Neil Gorsuch, another hard-right Trump pick on the court, has a special billionaire patron of his own: Colorado fossil fuel billionaire Philip F. Anschutz, a Federalist Society funder among a variety of other right-wing causes, who’s held Gorsuch’s hand throughout the justice’s ascent through the judiciary — a hand often filled with a wad of hundred-dollar bills. Besides the legal work he did for Anschutz’s business earlier in his career, Gorsuch remained financially intertwined with the billionaire’s wider network, one that fought for his 2017 nomination, having served as a partner alongside two of his associates at a firm, with whom he also owned a fishing lodge.
Samuel Alito, George W. Bush’s pick, is one of only two Supreme Court justices to own stock while sitting on the bench, being invested in twenty-eight different companies’ shares (the other, Roberts, owned only four). Besides this and the money he’s taken from the “Christ-centered” university founded by conservative televangelist Pat Robertson, Alito’s also made a habit of giving explicitly political speeches and appearing at the Heritage Foundation, effectively a policy shop for Trump and his Republican predecessors. Most recently, not long after Alito was accused of leaking the decision he authored that overturned abortion rights, the New York Times reported he had fed advance information about another ruling he penned — this one restricting access to birth control — to wealthy, evangelical donors over dinner in 2014.
Then there’s Brett Kavanaugh. The justice’s unhinged speech at his confirmation — in which he appeared near tears as he blasted a “calculated and orchestrated political hit” against him done as “revenge on behalf of the Clintons,” before wailing that “what goes around comes around” — already did much to undermine any sense of political impartiality.
But there’s also his appearance with a number of Trump world figures at a party hosted by the head of the Conservative Political Action Coalition (CPAC) and the mystery of the justice’s vanishing credit card debt. Kavanaugh disclosed somewhere between $60,000-200,000 of total debt in 2016, with three credit cards on which he owed between $15,000-50,000 each, only for them all to be suddenly paid off or dramatically down a year later.
Just like his strangely opulent lifestyle, it didn’t square with the judge and his wife’s exceedingly comfortable but far from ultrawealthy household income. Neither did the fact that Kavanaugh later seemed to contradict the White House’s explanation for the disappearing debt. We’ll probably never know for sure how Kavanaugh ended up with this financial windfall and whether he, too, has an ultrarich benefactor looking out for him.
Other than Roberts, none of these right-wing justices have tried to hide their friendly affiliation with the Federalist Society. All but Thomas attended the group’s celebratory fortieth anniversary dinner shortly after gutting the right to abortion, where they received a rapturous ovation. Thomas, like the others, has appeared at multiple Federalist Society events in the past, plus events sponsored by corporate advocacy groups like the American Enterprise Institute and Hoover Institution. Meanwhile Roberts, while sensible enough to understand how bad this looks and avoiding doing the same, was once listed in the Federalist Society’s leadership directory, a fact the justice unconvincingly claimed he had no memory of.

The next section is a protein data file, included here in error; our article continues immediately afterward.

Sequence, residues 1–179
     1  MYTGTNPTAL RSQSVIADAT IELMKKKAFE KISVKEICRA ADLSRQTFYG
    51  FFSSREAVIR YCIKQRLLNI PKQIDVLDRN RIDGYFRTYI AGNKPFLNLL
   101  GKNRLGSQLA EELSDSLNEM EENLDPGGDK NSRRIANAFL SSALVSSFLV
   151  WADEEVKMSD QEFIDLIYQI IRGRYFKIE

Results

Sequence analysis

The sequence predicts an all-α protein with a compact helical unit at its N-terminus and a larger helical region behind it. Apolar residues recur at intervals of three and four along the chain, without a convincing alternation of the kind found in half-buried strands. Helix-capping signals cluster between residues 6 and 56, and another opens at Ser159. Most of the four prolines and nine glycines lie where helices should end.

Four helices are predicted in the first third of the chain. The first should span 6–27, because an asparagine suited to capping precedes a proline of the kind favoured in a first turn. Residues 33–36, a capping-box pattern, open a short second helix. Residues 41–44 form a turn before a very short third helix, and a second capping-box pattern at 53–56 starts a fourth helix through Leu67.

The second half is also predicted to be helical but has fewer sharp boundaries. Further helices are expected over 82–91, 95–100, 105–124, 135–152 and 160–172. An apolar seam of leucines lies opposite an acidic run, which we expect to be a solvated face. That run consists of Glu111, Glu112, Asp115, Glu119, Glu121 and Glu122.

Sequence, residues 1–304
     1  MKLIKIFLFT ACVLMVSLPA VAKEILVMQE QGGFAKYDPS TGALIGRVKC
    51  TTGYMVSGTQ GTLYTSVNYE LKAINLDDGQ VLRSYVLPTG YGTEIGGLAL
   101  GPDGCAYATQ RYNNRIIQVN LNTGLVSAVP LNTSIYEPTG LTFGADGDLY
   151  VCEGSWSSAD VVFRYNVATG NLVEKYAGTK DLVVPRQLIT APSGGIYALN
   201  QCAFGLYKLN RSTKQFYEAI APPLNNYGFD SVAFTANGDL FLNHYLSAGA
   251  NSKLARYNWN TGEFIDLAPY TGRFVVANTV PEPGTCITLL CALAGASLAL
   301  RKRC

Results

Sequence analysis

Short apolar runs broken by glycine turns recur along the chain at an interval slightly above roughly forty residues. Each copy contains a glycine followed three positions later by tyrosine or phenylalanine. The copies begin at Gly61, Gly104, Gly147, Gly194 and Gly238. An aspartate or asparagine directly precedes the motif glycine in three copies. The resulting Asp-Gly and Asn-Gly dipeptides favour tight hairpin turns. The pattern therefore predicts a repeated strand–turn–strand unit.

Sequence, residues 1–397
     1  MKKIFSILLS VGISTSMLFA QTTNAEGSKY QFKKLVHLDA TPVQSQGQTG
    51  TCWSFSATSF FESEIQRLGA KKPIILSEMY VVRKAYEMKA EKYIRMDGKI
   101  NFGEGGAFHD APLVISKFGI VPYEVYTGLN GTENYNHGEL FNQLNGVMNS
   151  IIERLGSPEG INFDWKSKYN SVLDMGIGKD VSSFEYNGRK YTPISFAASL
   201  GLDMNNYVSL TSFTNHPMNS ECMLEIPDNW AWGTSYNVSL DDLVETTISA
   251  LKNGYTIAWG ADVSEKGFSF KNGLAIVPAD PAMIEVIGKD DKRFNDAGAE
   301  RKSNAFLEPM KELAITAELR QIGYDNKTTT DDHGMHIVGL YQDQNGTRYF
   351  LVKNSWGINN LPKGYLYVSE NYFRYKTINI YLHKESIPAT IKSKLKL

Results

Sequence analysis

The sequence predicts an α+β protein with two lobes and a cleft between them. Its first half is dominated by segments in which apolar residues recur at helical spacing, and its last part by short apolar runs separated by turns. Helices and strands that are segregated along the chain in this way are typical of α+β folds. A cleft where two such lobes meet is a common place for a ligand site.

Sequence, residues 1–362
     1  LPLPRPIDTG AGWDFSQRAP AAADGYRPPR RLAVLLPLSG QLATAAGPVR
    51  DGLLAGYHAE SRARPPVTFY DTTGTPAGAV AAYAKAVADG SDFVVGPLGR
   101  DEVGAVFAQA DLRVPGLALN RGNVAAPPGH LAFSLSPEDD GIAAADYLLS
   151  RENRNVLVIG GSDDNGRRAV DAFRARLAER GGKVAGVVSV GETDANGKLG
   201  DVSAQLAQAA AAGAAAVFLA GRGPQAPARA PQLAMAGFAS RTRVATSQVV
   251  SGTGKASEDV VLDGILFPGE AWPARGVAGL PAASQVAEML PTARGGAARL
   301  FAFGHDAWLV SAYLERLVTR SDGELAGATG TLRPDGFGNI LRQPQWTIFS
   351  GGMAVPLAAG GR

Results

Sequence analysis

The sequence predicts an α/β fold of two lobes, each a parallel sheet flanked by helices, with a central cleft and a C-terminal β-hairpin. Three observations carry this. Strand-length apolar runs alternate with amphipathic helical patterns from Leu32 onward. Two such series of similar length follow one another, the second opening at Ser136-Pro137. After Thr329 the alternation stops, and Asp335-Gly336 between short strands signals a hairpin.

This would all be bad enough by itself. But it’s worse when you consider that we know this kind of elite hobnobbing is exactly how right-wing activists work to influence the court. Rob Schenck — a former conservative activist and the same man whose donors passed on Alito’s tip-off about his 2014 decision — described a strategy of recruiting wealthy donors to invite justices to meals, vacation homes, and clubs, or accost them at events they had donated money to get invited to, and try to subtly shape their thinking in one-on-one conversations.
Schneck disclosed that he’d organized twenty rich couples over the years to fly to Washington and schmooze with justices, including one couple who paid for multiple glitzy dinners with Thomas and Alito, among others, and their wives. It was all done with the aim of fostering an “ecosystem of support” that would encourage them to be more bold in their conservative judicial activism, he said.
This is particularly significant because the court’s hard-right supermajority isn’t just aiming at advancing a socially conservative agenda. Some of its most important, if less-high profile, work aims at unshackling corporate power, and it appears to be gearing up to gut the modern regulatory state that has allowed federal agencies to rein in rapacious business practices since the New Deal.
A Rogue Court
What this all means is that the corruption and rot that the ProPublica story revealed about Thomas is far from unique to him. The Supreme Court’s hard-right majority is not only explicitly aligned with one of the country’s two leading partisan factions, but shows signs of having come under the sway of the very big-money interests looking to use the court to grow their power over ordinary Americans. Worse, the court seems incapable of checking this behavior, while those justices engaging in it seem more and more unconcerned about flouting basic ethical norms or even maintaining a public image of propriety.
The Biden administration seems disinclined to take on the Supreme Court, even as it guts his party’s achievements, out of fear it would erode the institution’s public standing and legitimacy. The question is how long it can avoid doing so. The court’s increasingly scandalous behavior has already inflicted severe damage on both.